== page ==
“A quality debriefing experience is the key that unlocks the potential of long-term life change for most team members,” says mission leader Steve Moore. Even though every mission trip experience is a little different, anyone committed to listening can do an effective mission trip debriefing.
1. Consider the elements of a good debriefing.
Typically, debriefing addresses re-entry issues, celebrating what God has done, retaining life lessons and changes, and preparing to communicate about the trip to others. To serve team members with diverse personalities, combine verbal and written processing as well as group time and time alone. Expect some tension as people respond to debriefing issues in different ways. Encourage them to give grace to one another and be patient with the process, expecting God to work through it. For more ideas, see the following articles:
- Sorting It Out: Simple Questions for Debriefing Short-Termers
- Coming Out of the Fog
- Coming Home: Debriefing Exercises to Help You Process Reentry Shock
- The Keys to a Quality Debriefing
- Keeping the Flame Alive
- Discover Your Part in God’s Plan
- After the Trip: Unpacking Your Crosscultural Experience By Cory Trenda and Tim Dearborn
See also an article from Youth Specialties called Debriefing the Mission Trip.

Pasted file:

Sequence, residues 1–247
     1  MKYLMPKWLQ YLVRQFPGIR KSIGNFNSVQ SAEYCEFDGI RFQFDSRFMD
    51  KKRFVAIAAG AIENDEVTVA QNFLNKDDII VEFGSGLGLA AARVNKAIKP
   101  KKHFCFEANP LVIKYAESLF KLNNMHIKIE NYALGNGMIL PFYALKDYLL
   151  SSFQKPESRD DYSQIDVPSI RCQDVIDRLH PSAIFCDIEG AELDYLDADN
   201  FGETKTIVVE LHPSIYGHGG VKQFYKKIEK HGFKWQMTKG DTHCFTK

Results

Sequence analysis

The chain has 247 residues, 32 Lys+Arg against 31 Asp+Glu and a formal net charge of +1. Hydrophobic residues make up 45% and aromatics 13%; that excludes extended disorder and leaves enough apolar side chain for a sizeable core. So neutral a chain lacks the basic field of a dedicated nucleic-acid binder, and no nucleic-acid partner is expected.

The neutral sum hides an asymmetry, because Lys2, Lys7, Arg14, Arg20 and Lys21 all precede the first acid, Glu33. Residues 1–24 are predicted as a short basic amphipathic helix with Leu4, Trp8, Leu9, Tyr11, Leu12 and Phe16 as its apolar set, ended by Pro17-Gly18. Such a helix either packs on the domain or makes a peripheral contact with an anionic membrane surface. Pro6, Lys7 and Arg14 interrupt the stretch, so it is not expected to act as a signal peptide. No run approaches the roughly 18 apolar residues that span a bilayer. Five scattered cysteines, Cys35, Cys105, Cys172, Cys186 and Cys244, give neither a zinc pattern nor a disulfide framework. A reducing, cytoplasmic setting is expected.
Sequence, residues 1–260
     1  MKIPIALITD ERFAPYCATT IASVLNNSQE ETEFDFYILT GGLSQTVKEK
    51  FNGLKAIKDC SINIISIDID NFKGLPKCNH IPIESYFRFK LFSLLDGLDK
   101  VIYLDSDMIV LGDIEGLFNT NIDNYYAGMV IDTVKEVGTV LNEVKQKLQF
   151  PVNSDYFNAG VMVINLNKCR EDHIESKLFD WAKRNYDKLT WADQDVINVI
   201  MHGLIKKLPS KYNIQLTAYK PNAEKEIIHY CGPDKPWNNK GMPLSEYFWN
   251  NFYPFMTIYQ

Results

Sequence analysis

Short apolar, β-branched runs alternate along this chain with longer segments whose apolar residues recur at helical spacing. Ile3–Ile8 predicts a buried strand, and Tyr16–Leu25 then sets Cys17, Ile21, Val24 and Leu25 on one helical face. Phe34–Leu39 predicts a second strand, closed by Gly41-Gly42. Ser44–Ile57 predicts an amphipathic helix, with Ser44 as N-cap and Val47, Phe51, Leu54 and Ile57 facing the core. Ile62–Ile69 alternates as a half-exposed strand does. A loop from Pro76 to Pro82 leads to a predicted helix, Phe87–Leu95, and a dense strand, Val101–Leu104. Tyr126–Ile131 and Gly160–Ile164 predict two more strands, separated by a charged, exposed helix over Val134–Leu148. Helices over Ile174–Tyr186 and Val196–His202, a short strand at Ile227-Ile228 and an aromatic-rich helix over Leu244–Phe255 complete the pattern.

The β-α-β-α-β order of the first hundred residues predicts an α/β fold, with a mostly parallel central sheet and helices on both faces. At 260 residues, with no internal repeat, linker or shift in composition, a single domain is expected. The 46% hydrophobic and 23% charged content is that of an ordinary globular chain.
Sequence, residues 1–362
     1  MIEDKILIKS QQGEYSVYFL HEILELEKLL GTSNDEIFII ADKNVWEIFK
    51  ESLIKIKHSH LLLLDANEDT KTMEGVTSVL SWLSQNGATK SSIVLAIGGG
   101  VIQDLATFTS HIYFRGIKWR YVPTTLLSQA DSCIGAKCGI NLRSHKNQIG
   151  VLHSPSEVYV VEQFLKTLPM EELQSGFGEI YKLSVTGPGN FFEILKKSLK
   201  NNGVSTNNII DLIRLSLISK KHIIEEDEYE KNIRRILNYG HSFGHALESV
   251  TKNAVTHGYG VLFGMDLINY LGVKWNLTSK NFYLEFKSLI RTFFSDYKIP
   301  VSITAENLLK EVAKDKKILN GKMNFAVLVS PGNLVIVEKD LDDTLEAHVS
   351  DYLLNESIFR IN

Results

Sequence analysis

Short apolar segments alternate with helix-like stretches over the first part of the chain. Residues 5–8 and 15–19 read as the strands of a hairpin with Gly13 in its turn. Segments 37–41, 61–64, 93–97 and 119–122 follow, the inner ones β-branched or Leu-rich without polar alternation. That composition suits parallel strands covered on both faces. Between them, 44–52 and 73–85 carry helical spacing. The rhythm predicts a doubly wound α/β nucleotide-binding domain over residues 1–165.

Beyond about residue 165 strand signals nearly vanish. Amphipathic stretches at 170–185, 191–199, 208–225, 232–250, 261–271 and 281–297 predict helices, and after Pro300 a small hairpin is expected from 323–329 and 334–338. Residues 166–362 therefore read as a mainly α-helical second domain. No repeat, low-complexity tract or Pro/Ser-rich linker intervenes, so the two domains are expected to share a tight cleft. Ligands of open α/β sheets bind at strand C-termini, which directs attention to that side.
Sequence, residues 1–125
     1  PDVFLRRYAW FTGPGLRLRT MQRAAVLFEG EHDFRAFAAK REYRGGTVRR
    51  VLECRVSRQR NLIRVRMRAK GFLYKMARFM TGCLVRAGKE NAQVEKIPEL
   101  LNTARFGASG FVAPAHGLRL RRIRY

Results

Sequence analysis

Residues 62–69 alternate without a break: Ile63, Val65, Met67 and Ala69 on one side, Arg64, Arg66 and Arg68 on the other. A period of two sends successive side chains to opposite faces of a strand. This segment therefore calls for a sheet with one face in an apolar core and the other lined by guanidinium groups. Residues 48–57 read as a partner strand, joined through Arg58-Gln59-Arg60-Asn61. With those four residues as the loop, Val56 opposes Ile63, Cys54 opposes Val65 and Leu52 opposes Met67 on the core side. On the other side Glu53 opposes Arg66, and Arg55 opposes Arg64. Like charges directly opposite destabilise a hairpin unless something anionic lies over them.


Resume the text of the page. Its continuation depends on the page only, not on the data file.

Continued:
2. Prepare for follow-up.
A few years back, mission trip specialists collaborated to create resources that address mission trip follow-up – that is, debriefing and more. See The Next Mile. You may find it helpful to consider their list of top ten issues short-termers deal with following a mission trip. See also 20 Mile Markers, simple ideas for follow-up which are designed to inspire and invigorate those who went. Sign up for The Next Mile E-Zine, a 12-email series that provides subscribers with timely and thoughtful messages following a mission trip.
For those whose purpose in going was to explore long-term direction – or who came back thinking that way – simply processing the experience on the field and how it applies to life back home is not enough. The best resource for charting your course from short-term to long-term may be a mission coach or mentor.
The longer and/or harder the trip has been, the more debriefing is usually needed. Those returning from a trip of several months or more may profit from reading a book like Craig Sorti’s The Art of Coming Home, or Peter Jordan’s Re-Entry. Pack one of these in your suitcase. Pull it out toward the end of the trip and read an excerpt to your team. See if any of the readers among them would like to pass it around.
3. Check in with your team before they start checking out.
For best results, don’t save all your debriefing until the trip is over and you’re back at home. Many teams include some kind of daily check-in time during their trip as well as a wrap-up before leaving the site or part-way home (e.g., in another city along the way). Some incorporate time for personal journaling, video blogging, and other mechanisms for processing and communicating about their experience as it unfolds.
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By the ShortTermMissions.com Community. Compilation of responses in a forum.